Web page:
You can use the Command function to return the argument portion of the command line used to launch Microsoft Office Access 2007.
When Access is launched from the command line, any portion of the command line that follows the /cmd option is passed to the program as the command-line argument. You can use the Command function to return the argument that has been passed.
To change a command-line argument once a database has been opened:
On the File menu, click Access Options.
In the Application Settings dialog box, click Advanced.
Enter a new argument in the Command-line arguments box.
The Command function will now return the new argument you have entered.
When the Command function is used anywhere other than in Visual Basic for Applications (VBA) code in a module, you must include empty parentheses after the function. For example, to use the Command function in a text box on a form, you would set the ControlSource property of the text box to an expression like the following:
Note: Examples that follow demonstrate the use of this function in a Visual Basic for Applications (VBA) module. For more information about working with VBA, select Developer Reference in the drop-down list next to Search and enter one or more terms in the search box.
The following example shows how to launch Access with a command-line argument and then shows how to return the value of this argument by using the Command function.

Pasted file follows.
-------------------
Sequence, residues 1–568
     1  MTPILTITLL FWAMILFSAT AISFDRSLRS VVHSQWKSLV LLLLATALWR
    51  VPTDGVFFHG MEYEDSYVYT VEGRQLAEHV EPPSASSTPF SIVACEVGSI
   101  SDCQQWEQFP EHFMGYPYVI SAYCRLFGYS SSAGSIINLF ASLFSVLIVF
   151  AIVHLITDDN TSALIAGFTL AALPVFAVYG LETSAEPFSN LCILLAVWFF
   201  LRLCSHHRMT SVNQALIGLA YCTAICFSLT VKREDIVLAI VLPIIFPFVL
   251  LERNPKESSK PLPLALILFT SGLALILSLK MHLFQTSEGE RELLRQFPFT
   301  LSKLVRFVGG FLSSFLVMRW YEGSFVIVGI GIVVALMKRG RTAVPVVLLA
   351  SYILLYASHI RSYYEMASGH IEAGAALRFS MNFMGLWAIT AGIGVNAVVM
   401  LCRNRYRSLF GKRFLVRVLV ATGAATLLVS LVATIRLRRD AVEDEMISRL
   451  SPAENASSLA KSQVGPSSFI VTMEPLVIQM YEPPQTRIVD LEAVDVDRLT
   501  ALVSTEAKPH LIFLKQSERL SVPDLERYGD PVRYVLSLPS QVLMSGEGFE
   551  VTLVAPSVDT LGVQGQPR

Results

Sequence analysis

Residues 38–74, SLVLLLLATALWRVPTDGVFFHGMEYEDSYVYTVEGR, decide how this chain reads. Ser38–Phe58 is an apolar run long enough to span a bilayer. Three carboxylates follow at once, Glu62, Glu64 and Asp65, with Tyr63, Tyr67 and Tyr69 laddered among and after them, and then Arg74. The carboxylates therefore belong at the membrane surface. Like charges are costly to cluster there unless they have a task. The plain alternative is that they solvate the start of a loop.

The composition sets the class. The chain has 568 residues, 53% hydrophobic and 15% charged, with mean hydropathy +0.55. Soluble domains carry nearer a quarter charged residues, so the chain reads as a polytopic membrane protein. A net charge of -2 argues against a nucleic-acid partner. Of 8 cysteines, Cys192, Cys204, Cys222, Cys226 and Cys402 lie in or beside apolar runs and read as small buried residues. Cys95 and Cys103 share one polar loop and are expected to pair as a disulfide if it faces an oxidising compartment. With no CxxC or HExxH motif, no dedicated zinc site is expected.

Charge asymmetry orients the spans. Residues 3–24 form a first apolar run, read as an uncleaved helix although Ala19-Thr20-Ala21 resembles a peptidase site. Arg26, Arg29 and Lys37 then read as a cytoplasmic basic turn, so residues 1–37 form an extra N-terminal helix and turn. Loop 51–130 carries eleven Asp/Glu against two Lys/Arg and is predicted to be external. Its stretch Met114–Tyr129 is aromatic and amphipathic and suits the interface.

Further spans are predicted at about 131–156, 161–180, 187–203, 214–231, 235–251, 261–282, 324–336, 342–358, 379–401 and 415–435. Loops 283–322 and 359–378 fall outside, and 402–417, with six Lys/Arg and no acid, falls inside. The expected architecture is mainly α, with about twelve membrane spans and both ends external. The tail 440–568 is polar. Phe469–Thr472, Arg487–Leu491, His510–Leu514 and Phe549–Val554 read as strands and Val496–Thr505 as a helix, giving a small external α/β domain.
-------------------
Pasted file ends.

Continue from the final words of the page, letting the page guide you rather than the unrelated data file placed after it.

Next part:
To test this example, click the Windows Start button and click Run. Type the following code in the Run box on a single line. (You must surround the parts of the command line information in quotation marks).
"C:\Program Files\Microsoft Office\Office11\Msaccess.exe" _
"C:\Program Files\Microsoft Office\Office11\Samples\Northwind.mdb" /cmd "Orders"
Next, create a new module in the Northwind Traders sample database and add the following Sub procedure:
Public Sub CheckCommandLine()
' Check the value returned by Command function and display
' the appropriate form.
If Command = "Orders" Then
ElseIf Command = "Employees" Then
When you call this procedure, Access opens the Orders form. You can create an AutoExec macro to call this procedure automatically when the database is opened.